Learning from the mistakes of the past, the NWSL became the first women’s professional soccer league to reach its fourth season. Aiding in this goal was ownership of some of the teams by MLS clubs. This would allow the women’s teams much greater resources than previously available.
The first three MLS teams to field women’s teams in the NWSL were the Portland Timbers (Portland Thorns), the Houston Dynamo (Houston Dash), and Orlando City (Orlando Pride). The ownership plan appears to work, with all three teams leading the league in attendance in 2016 and currently sitting in three of the top four spots in attendance this season. But while many of the league’s decisions have been successful, one deal has gone horribly wrong.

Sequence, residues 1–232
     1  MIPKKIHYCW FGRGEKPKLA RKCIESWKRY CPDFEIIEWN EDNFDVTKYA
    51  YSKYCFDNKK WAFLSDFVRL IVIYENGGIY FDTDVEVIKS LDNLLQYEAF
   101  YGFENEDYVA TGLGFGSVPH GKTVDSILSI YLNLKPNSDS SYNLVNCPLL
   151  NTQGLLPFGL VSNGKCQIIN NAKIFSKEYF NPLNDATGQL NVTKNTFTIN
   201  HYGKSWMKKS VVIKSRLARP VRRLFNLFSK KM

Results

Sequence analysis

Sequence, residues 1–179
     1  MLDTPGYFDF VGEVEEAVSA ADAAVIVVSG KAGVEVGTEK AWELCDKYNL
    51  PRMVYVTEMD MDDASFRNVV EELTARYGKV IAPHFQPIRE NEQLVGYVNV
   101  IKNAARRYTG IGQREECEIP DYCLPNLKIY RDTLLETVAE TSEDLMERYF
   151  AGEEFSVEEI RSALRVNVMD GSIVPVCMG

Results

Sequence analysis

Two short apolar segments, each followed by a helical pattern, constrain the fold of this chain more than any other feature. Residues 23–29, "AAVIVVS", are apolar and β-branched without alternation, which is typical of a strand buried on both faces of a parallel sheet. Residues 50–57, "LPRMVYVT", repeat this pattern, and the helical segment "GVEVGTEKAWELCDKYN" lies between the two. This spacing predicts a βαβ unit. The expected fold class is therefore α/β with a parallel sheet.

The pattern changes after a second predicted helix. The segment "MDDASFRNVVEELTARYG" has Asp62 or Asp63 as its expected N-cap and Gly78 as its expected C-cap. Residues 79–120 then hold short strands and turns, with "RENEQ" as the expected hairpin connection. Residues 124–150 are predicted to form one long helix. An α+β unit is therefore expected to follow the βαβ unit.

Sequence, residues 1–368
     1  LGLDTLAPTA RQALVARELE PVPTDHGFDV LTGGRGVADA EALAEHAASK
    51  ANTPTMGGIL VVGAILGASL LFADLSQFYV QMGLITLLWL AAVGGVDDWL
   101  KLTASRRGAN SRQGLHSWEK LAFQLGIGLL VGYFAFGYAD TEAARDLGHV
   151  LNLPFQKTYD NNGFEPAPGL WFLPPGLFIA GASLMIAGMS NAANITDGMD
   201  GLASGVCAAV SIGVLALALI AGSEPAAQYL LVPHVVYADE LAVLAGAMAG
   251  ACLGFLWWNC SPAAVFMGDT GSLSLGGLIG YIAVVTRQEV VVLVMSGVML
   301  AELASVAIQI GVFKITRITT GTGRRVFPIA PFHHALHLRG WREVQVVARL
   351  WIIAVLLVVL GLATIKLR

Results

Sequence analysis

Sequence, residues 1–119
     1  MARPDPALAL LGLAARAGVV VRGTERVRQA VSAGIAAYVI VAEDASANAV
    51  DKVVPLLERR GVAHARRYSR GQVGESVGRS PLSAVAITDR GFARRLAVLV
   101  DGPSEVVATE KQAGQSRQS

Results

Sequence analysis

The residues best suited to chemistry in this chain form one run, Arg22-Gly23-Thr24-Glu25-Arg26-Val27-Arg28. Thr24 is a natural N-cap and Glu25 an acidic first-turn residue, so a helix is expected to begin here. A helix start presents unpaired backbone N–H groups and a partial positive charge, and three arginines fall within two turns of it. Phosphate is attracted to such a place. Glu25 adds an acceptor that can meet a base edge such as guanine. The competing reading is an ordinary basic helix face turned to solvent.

Fans want to be able to support their team during every game. No matter when or where they play, they want to be able to watch the games on television or online if they are not able to attend, building a connection with the team. With this in mind, the league made a deal with YouTube to air its games for the 2014, 2015, and 2016 seasons. They even had a deal with FOX to air games nationally on television.
For the league’s fifth season, the NWSL looked to expand further on its success. Having already lasted longer than its two predecessors, the league struck a three-year deal with Lifetime to air a game each week. Furthermore, the league came to an agreement with the Verizon go90 app to stream all non-televised league games online. NWSL fans would now be able to watch all of the league’s games.